I can certainly see a need to have technicians, deliveries, etc. check in. There is a legitimate business purpose for knowing that they were there since they usually come with bills to be paid. I don’t see where knowing someone’s mommy was present adds any value whatsoever.

    The fact is that opening a door for someone you KNOW and KNOW to be there for a specific event – Mother’s Day tea – does not in any way, shape or form harm a single child’s safety. While I don’t advocate knowingly opening the door to a gun-toting maniac, someone whose job it is to educate children should clearly realize that there will never be in the history of gun-toting maniacs one who was foiled in his purpose by a locked door.

    In fact, the failure to open the door makes children LESS safe. If even people who have been in our homes (those people we used to call “friends”) are to be considered a threat until proven otherwise, we lose all sense of community and trust. We also lose all ability to differentiate between friend and foe. Our 6th sense to trust or not trust is completely destroyed. And THAT is what keeps us alive, not idiotic rules that somehow expect gun-toting maniacs to ring door bells and wait to be admitted rather than just shooting through the damn door.

  38. Donald May 14, 2013 at 7:47 pm #

    I’m speechless. This itself is quite an event because it isn’t so easy to get me to shut up.

  39. Donald May 14, 2013 at 7:53 pm #

    The US is becoming afraid of it’s own shadow. If bin Laden was still alive, he would feel so proud of what he helped make happen.

  40. Puzzled May 14, 2013 at 8:11 pm #

    Karen Tigue will not doubt be teaching our children the importance of idiotic rules and the dire consequences of thinking for themselves.

  41. hineata May 14, 2013 at 8:24 pm #

    @Karen Tighe – as a fellow teacher, I would be fascinated to know how you manage to promote family/school/community interaction with the ridiculous level of security being promoted here. We have no such security measures, parents can wander in and out of the school grounds as they wish during the day, and still we have problems with getting parents here and relaxed with us (for a variety of reasons, some related to our own personal levels of comfort with adults, mostly related to their own school experiences, language barriers etc). If we had this ridiculous level of unnecessary security, then we would get no one here.

    I can understand it being necessary for drug-plagued and gang-plagued schools in ‘unsavoury’ neighbourhoods, but then, though I could be wrong here, how many of those sorts of schools would attempt something like a Mother’s Day luncheon?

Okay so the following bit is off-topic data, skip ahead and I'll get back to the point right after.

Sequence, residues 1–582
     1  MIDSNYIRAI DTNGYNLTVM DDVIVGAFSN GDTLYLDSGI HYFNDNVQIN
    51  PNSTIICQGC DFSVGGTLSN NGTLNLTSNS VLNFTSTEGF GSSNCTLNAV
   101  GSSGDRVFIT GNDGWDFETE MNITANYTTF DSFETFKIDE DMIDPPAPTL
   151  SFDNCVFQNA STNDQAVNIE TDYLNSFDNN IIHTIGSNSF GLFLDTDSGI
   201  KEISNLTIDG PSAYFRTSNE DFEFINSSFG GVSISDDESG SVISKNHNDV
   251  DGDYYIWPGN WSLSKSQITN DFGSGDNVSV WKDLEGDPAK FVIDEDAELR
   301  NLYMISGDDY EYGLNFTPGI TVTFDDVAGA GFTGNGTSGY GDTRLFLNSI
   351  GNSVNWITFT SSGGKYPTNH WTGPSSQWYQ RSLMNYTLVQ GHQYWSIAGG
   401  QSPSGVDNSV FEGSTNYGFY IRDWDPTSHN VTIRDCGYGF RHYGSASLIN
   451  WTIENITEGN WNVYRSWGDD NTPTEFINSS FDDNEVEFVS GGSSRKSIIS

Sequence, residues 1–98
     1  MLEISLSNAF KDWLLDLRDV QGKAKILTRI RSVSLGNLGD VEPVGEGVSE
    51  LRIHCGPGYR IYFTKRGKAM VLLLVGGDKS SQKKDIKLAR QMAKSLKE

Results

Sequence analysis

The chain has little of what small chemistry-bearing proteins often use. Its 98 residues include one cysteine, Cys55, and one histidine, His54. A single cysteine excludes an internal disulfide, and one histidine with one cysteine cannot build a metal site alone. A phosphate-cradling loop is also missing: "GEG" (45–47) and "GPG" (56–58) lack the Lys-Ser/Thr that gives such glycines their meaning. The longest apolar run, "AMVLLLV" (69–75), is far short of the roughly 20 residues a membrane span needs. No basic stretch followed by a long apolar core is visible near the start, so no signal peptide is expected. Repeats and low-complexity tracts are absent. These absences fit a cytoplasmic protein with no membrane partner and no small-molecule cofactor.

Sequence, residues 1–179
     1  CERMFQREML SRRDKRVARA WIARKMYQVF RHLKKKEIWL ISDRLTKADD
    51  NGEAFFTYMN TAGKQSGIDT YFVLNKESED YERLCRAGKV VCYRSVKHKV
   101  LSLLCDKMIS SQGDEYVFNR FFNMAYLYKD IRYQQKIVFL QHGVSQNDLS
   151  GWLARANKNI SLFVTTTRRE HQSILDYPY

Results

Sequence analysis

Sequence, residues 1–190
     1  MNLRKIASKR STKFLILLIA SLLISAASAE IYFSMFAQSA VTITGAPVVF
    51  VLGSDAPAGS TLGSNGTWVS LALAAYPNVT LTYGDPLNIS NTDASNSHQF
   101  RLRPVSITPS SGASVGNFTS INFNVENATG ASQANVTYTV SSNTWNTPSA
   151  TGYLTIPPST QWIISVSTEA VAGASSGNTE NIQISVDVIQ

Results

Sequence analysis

Aside from the above, the only reason for having even a listing of visitors in a school would be for emergency purposes like fires or earthquakes, but then in the event of an earthquake, the likelihood is that the list would be buried in the rubble anyway, so no use to anyone.

    And none of this should prevent anyone from opening a door to someone they know.

  42. hineata May 14, 2013 at 8:31 pm #

    @Papilio – don’t worry, ‘black sheep’ aren’t usually an issue – it’s only when they get the taste for blood that you have to worry about them.

    Though there is a flock hanging about my letterbox just now, foaming at their mouths.Time to write my will, possibly…. 🙂

  43. Kim Z. May 14, 2013 at 8:35 pm #

    @Karen – It’s not about rights (a compeltely overused word) there are no rights – there are expectations. It’s not a law it’s a guideline used by a/your school that should have SOME degree of flexibility. If not, then blindly following policy become paramount over actual safety. If the mother was bleeding from the head. Do we use common sense? Do we get the door for her? or do we demand she use the buzzer first. And then one day when the person we don’t know uses the buzzer and then still proceeds to do some horrible random act! Then what?? A buzzer is what makes you “FEEL” safer. It is giving you your “PEACE of MIND”. It doesn’t ACTUALLY make you safer. That is the difference you have missed and are clearly passing on to your charges and the rest of your community with the insistent need to mistrust everyone.

  44. Taradlion May 14, 2013 at 9:13 pm #

    @ Lisa Miller- I don’t disagree with you, but Sandy Hook shooter was NOT a student. It was an adult male. A buzzer would not have stopped him, nor a sign in sheet.

    Since Sandy Hook the front door of my kids school has been locked. Even though we have always had a security guard sitting inside the door in a large entry way and the school is up a flight of stairs (NYC Jewish day school). I reach for and pull the door every time I am at school forgetting I need to be buzzed in now. Usually when I do this, the guard sees me and let’s me in before I hit the buzzer…

  45. Natalie May 14, 2013 at 9:40 pm #

    Jewish schools are different. They need the extra security.

  46. Katie May 14, 2013 at 10:08 pm #

    I don’t know about that. I work very part time at a place that has a Jewish preschool.

    First off I think the danger is far less than that of the parents who drive through in tanks and do things like steal handicap spots.

    But beyond that we don’t have a Security System there, we have a Security Theater that is a nuisance and even if something happened would be useless and is constantly being made more intrusive.

    Why do I say this? Well it’s a maze to get in and out and you can only use a very specific door for each. Completely random doors are locked and require badges and the doors that are locked are completely illogical.